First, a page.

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Title: Effect of dissolved noncondensables on liquid forced convection in microchannels

A method of quantifying the effect of noncondensable desorption on the forced flow of liquids in microchannels subject to a uniform heat flux has been developed. The model is based on the solution of the differential forms of the mass, momentum, energy and noncondensable species conservation equations assuming that the liquid is fully saturated with the noncondensable at the channel inlet. Parametric calculations for conditions encountered in typical microchannel experiments were performed and the results presented. The resulting calculations show that significant noncondensable desorption can take place in microchannel flow resulting in increased liquid velocities and enhanced heat transfer. Experiments were also performed with a 0.76 mm diameter microchannel using both fully degassed water and water saturated with air at the channel inlet. The measured heat transfer coefficients for the air-saturated data were significantly higher than for the fully degassed data in regions where the model predicts significant noncondensable desorption. The forced turbulent convective flow of water in microchannels offers a wide variety of applications including micro-electronic cooling, miniature refrigeration, micro heat exchanger systems and the cooling of fission reactor cores.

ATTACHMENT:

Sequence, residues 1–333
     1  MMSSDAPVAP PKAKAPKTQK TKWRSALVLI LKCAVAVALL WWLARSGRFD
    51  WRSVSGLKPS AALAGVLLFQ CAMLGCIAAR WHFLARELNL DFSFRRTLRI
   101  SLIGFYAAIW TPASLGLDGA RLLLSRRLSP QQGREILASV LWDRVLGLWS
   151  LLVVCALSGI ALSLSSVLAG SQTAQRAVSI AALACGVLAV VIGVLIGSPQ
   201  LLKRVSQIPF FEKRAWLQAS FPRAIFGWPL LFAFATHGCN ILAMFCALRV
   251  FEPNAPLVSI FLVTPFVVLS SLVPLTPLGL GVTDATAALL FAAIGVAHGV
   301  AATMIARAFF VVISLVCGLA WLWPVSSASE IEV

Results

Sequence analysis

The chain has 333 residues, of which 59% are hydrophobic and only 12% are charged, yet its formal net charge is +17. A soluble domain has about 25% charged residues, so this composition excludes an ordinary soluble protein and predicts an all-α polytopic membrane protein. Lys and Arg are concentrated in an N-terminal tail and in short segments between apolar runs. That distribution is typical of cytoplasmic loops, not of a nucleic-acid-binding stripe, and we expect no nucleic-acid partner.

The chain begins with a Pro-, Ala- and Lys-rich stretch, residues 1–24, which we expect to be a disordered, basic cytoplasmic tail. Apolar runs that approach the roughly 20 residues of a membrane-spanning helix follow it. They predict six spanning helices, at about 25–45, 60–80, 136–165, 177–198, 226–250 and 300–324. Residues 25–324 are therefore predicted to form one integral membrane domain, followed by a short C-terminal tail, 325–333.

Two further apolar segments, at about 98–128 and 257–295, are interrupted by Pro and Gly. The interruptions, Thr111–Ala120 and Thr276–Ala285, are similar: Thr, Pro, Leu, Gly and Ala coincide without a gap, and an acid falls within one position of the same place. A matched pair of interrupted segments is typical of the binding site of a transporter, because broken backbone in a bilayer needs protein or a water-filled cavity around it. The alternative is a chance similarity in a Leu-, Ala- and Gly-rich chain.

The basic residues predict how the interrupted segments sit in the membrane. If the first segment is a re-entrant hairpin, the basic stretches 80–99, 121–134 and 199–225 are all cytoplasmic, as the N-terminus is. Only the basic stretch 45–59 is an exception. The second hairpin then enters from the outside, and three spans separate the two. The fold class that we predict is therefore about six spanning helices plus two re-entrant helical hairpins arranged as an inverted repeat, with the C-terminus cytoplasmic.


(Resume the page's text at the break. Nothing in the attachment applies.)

Authors:
; ;
Publication Date:
OSTI Identifier:
20002402
Report Number(s):
CONF-990805--
TRN: IM200002%%402
Resource Type:
Conference
Resource Relation:
Conference: 33rd National Heat Transfer Conference NHTC'99, Albuquerque, NM (US), 08/15/1999--08/17/1999; Other Information: PBD: 1999; Related Information: In: Proceedings of the 33rd national heat transfer conference NHTC'99, by Jensen, M.K.; Di Marzo, M. [eds.], [1150] pages.
Publisher:
American Society of Mechanical Engineers, New York, NY (US)
Research Org:
Georgia Inst. of Tech., Atlanta, GA (US)
Country of Publication:
United States
Language:
English
Subject:
42 ENGINEERING; FORCED CONVECTION; LIQUID FLOW; PARAMETRIC ANALYSIS; TWO-PHASE FLOW; DISSOLVED GASES